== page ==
The time was approaching for a new influence to enter the county’s electoral history: that of the Earl of Essex, whose principal estate, Chartley, was situated in Staffordshire. Perhaps he was behind the election in 1588 of the junior county Member, Thomas Gerard I, son and heir of the master of the rolls, a man who, three years later, was to be knighted by him before Rouen. Certainly, in 1593 he attempted to direct the county elections. Writing from court on 2 Jan. to three of his Staffordshire supporters, Sir Edward Lyttelton, Sir Edward Aston and Richard Bagot, he expressed his exceeding desire that his ‘very good friend’, Sir Christopher Blount—his stepfather and crony—might be elected. ‘I do therefore commend the matter to your friendly solicitations’, he added, ‘praying you to move the gentlemen, my good friends and yours in that country, particularly in my name, that they will give their voice with him for my sake.’ A week later he wrote, ‘with no less affection and earnestness’, entreating their support for Gerard as the second county Member, and asking them to employ their credit and use his name, and to ‘stand fast’ to him in his request. In a postcript—similar to one in his earlier letter—he added: ‘I should think my credit little in my own country, if it should not afford so small a matter as this, especially the men being so fit.’ The whole episode, with its intemperate insistence was typical of the Earl.5
For a time the situation was complicated, since Harcourt, the senior 1589 man wished to be re-elected. Harcourt also was one of Essex’s knights of Rouen, and it looked as if the Earl’s impetuosity would split the ranks of his own friends. Proceeding on his instructions, Bagot received promise of support from a relative and 60 ‘of his friends and well-wishers’, and was assured of similar strength from duchy of Lancaster tenants. A contested election appeared inevitable, and, however unhappily, Bagot prepared himself to obey the Earl. Fortunately, Sir Thomas Gerard saved the breach in party ranks by turning to Lancashire, where his family had great influence, and where, in fact, he had been elected for the county, as well as for Staffordshire, in 1588. If the Earl knew of this last-minute change, he gave no new instructions, though a late letter of his to Bagot about a borough election furnished him with the occasion to do so. Bagot was perplexed. He wrote twice to Sir Edward Lyttelton—the second time on 29 Jan. 1593—asking to be told if Gerard had really ‘resigned his good will to Sir Walter Harcourt’, in which case his friends might ‘spare their labour’. Lyttelton’s answer was that Bagot’s information was as reliable as his: ‘If Sir Thomas’, he commented, ‘release us (as by his letter it seemeth he hath) and willeth that those procured for him should give their voices for Sir Walter Harcourt, and he would accept of it as to himself, I know not what more is to be required at our hands.’ In the new situation, Lyttelton appears to have expected only a small attendance at the election, for in a postscript he added: ‘I would wish you to bring some of your friends to give their voices for Sir Christopher Blount, and so will I’.6 Presumably there was harmony at the election and no one contested the nomination of Blount and Harcourt. Blount was returned in the senior seat: token of his status as husband of the Countess of Leicester.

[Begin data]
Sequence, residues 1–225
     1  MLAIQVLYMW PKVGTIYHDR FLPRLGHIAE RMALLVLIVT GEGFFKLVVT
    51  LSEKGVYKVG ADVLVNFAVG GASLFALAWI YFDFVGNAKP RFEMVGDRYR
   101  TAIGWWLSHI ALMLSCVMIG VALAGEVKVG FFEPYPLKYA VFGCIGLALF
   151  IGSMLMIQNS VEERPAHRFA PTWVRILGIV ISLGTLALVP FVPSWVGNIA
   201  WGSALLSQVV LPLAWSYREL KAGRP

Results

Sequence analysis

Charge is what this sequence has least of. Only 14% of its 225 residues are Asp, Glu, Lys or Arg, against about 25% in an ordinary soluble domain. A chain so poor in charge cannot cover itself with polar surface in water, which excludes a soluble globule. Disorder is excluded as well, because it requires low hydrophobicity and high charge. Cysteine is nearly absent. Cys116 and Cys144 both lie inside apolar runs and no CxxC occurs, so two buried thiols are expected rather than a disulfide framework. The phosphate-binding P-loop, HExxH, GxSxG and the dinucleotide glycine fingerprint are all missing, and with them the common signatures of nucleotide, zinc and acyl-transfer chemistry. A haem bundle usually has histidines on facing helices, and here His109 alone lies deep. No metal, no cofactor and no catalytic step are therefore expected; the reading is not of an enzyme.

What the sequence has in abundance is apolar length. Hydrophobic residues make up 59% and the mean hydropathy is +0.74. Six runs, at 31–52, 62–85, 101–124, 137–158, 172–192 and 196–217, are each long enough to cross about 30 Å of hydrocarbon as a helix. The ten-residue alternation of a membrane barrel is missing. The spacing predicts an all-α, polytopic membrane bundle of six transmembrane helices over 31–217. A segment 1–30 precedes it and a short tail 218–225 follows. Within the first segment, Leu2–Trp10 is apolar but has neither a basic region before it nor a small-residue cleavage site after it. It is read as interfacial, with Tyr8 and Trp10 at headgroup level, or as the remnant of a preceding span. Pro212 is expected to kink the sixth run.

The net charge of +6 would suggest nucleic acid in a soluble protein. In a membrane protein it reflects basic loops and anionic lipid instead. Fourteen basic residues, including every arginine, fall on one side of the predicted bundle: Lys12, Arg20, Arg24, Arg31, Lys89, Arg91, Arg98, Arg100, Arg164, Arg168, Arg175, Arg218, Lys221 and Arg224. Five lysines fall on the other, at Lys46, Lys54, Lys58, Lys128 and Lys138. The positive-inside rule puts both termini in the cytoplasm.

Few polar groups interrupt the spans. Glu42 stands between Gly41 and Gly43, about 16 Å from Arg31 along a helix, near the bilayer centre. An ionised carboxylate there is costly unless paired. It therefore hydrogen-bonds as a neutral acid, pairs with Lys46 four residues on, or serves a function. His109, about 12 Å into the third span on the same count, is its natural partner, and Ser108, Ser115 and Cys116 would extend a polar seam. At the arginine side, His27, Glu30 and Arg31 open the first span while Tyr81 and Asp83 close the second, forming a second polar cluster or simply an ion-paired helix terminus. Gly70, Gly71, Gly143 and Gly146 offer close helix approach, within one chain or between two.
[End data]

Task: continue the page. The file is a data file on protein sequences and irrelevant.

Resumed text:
At the time of the 1597 general election, the Earl of Essex was away from England on the Islands voyage, but when embarking at Plymouth he had thought of the elections and written various letters. In one of these he urged the re-election of his stepfather, Sir Christopher Blount. He may also have commended the candidature of Sir Edward Lyttelton of Pillaton Hall, who also was standing for the county. Lyttelton belonged to the Essex party. He was married to a Devereux, he had a brother in the service of the Earl as keeper of the house and park at Chartley,7 he had been one of the gentlemen whose support the Earl had sought in the 1593 election, and in the end he was to be a participant in the fatal Essex rebellion of 1601, from which folly he was fortunate to escape with imprisonment and a fine. Thus, with two candidates, Blount and Lyttelton, the Essex party in 1597 were bent on achieving the monopoly so characteristic of their noble patron’s inclinations.